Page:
Then there are kids like my younger son, who has been reading since Kindergarten (just like his mom!), but who never really enjoyed reading fiction. He did so only when required for class, and thus was branded a reluctant reader by his middle school language arts teacher. The summer before his freshman year in high school, I gave him Ray Bradbury’s Fahrenheit 451: The Authorized Adaptation, a graphic novel by Tim Hamilton, and I asked him to try it. He came back to me that evening, bubbling over with excitement about the story and asking the kinds of questions any teacher would love to hear from students. He did read the novel his junior year, and he told me that having read the graphic novel adaptation, he found the prose novel much easier to understand and therefore more enjoyable. Now, as a college student, he actually reads some novels for fun.

TV_372377596Graphic novels also tend to boost library circulation, a topic discussed in a Publishers Weekly article in 2013: “How Graphic Novels Became the Hottest Section in the Library”. In my own school library, graphic novels account for 25-60% of circulation per week, depending on the class (4th graders borrow more often than any other age group). I conducted a small survey in my public library teen department of circulation statistics for some of the graphic novels, comparing them to bestselling prose fiction. I found that most of the graphic novels circulated at least three times more than any prose fiction (aside from the super-popular titles, such as the Harry Potter books). This means that graphic novels have a high return on investment for libraries. In my library, only the nonfiction picture books about animals out-circulate graphic novels—and some of those are in graphic format, too!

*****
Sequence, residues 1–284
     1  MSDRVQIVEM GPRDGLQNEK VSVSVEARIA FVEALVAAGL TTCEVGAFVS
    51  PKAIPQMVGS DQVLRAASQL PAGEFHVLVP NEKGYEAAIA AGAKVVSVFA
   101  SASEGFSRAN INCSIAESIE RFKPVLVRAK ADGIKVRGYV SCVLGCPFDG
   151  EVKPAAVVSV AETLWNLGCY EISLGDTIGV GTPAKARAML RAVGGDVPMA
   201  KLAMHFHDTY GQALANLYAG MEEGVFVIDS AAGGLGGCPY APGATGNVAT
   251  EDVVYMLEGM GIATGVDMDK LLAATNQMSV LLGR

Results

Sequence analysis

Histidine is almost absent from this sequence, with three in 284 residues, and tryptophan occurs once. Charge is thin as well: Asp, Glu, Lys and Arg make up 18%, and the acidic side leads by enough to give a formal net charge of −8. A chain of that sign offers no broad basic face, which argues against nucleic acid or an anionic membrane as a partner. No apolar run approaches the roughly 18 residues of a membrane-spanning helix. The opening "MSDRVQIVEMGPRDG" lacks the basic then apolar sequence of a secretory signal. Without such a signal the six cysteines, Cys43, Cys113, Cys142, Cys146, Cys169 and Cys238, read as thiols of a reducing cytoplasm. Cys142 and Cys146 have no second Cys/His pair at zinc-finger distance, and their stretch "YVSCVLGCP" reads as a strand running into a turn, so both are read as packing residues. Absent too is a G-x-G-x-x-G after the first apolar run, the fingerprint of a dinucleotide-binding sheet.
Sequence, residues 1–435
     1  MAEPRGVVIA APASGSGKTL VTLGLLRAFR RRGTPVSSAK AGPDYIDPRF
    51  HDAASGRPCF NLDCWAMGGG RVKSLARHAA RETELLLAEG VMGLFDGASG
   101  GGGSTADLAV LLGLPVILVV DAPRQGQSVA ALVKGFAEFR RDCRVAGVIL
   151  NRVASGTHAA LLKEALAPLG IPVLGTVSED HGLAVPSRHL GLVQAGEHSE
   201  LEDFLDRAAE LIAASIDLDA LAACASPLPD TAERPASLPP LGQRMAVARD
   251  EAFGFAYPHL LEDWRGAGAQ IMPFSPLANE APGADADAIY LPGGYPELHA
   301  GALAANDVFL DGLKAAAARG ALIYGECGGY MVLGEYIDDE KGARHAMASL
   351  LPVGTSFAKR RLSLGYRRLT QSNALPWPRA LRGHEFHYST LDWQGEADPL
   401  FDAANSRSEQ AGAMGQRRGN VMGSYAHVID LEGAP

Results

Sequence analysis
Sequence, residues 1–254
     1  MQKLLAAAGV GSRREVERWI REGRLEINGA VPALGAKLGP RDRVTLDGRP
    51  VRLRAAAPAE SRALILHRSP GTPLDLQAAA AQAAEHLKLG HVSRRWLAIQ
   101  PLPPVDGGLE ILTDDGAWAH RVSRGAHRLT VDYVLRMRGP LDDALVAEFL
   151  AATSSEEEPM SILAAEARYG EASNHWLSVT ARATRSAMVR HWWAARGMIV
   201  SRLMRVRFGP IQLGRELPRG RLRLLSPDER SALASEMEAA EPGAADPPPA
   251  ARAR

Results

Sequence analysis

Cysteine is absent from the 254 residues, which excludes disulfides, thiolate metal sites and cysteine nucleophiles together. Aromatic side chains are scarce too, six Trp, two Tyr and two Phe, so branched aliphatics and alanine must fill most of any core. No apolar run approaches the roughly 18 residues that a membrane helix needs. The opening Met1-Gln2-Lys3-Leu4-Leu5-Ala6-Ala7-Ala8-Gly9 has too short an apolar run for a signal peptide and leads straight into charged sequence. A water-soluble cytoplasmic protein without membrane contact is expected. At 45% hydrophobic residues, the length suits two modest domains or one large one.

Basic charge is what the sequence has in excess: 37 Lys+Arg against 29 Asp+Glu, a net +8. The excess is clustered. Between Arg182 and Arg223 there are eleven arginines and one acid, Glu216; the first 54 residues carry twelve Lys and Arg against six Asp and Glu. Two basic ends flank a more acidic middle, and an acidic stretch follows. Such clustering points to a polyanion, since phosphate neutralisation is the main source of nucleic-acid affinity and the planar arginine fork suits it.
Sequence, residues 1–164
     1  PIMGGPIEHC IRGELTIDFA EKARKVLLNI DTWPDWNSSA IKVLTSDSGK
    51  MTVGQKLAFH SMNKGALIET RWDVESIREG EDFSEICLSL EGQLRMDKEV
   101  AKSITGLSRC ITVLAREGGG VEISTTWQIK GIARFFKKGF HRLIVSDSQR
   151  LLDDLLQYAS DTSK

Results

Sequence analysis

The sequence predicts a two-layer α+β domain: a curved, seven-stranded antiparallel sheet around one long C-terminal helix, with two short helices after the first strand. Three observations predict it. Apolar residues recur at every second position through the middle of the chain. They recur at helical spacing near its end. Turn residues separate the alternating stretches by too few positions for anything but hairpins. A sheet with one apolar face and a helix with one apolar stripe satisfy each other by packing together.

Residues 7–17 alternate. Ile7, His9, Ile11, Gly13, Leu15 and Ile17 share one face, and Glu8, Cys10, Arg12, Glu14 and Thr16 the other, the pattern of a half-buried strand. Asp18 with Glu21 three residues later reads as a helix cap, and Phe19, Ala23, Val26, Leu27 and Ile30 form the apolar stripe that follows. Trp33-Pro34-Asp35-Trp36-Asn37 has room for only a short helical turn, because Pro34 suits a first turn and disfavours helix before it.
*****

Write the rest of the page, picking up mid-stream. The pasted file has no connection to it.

As you may have detected, I am passionate about comics, manga, and graphic novels. I love to sing their praises. But don’t just take my word for it (apologies to LeVar Burton). Here are some sources that reinforce what I’m saying.

Check out CBLDF Raising a Reader, especially pages 9-10, where Meryl Jaffe discusses multiple learning skills, including memory, sequencing skills, language, language usage, and critical thinking.

Educator Tracy Edmunds has a lot of great material on her blog. In particular, read “Why Comics?” from June 2, 2016 and “Why Should Kids Read Comics?” from June 21, 2016 for lots of information and sources you can use to justify using comics in your library.

Gene Luen Yang includes a story in his TED Talk about what happened in an algebra class when he started writing and drawing the lessons in comic book form. He points to two major reasons comics work so well: their visual nature and their permanence. Past, present, and future are all together on the page.

Other sources you might want to peruse are Pop Culture Classroom and Diamond Book Distributors’ online newsletter Bookshelf, which includes lesson plans from Dr. Katie Monnin, who is now Director of Education at Pop Culture Classroom.

On a final note, at the 2018 ALA Annual Conference, the ALA Council passed a petition to convert the existing Member Initiative Group into the Graphic Novels and Comics Round Table. According to ALA, this “will allow for organization-wide engagement with professional and collection development, public outreach and advocacy, and internal mentorship, as well as furthering the cultivation of industry partnerships relating to the sequential art format in schools and libraries.”

Graphic novels are here to stay!

final_kat_caracatureIf you’re looking for a graphic novel guru, you’re looking for Kat Kan. Kat looks like the stereotypical librarian with glasses and a bun, until you see the hair sticks and notice her earrings may be tiny books, TARDISes from Doctor Who, or LEGO Batgirls. Click here for more.